From an article by Brian Wallis in the June edition of Art in America:

A corporation's motives for sponsoring temporary art exhibitions are various, numerous and, in many cases, an open secret. In its weekly New York Times op-ed advertisement of Oct. 15, 1985, Mobil Corporation sought to explain (or extol) the uses of art "for the sake of business." With remarkable candor, Mobil listed various reasons "scores of businesses support the arts." . . . These reasons -- various as they are -- all remain components of what is cited as the first reason for sponsoring art: "Improving -- and ensuring -- the business climate."

But what does this mean -- to improve and ensure the business climate? The French theorist Jacques Attali has observed that, as the multinational corporation moves from the status of a purely economic entity to that of a political entity, it must develop a language which is no longer that of profit only, but is instead based on a set of values. . . .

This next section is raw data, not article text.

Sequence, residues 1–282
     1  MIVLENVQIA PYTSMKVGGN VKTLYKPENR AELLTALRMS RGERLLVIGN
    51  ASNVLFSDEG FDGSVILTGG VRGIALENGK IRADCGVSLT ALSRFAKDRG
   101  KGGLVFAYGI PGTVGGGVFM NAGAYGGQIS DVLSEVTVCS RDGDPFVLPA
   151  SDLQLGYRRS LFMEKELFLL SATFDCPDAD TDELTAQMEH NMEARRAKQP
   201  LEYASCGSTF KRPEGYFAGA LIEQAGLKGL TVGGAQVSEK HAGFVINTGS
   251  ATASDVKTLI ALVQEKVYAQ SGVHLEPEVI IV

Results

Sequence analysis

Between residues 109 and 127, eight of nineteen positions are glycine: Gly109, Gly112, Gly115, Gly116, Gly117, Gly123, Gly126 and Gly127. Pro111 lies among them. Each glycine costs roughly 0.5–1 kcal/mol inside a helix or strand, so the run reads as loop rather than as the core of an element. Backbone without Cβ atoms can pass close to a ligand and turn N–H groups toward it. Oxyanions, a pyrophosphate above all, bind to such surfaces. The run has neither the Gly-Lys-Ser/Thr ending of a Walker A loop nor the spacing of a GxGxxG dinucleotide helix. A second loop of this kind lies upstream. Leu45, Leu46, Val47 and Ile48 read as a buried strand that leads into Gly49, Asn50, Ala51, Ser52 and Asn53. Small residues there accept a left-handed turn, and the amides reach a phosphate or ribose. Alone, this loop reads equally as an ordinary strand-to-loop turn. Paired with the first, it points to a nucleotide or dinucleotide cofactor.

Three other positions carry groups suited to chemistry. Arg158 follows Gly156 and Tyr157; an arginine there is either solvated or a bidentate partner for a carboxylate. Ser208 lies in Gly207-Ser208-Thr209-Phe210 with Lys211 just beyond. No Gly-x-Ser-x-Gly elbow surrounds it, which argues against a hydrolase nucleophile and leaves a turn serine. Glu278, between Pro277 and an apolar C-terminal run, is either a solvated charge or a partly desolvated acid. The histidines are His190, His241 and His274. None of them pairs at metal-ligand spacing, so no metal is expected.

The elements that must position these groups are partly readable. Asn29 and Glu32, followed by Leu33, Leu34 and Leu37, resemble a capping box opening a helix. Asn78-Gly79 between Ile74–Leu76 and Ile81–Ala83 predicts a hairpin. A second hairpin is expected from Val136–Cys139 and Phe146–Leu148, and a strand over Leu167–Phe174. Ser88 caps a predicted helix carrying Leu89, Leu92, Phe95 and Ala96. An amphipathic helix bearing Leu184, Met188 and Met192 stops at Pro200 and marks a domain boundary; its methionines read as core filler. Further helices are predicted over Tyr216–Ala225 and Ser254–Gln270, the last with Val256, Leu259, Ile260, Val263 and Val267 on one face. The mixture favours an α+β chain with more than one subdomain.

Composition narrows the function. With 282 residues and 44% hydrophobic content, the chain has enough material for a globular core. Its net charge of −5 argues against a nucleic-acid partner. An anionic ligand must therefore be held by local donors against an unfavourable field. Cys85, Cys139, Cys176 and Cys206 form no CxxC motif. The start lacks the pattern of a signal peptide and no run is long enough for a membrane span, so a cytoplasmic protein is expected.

For a corporation to structure and promote a coherent value system requires a certain control of information and deliberate constitution of representations. Thus, the selection of exhibitions, as well as the presentation of them through advertising, press releases and even banners, is crucial.ju . . . T his self-conscious system of representations tends toward cautionary exclusion, the fixing of stereotypic interpretations and the development of abstract rather than historically specific concepts. . . . Hence, the proliferation of tame exhibitions . . . with few direct ties to the social and material culture either of the art exhibited or of the present day.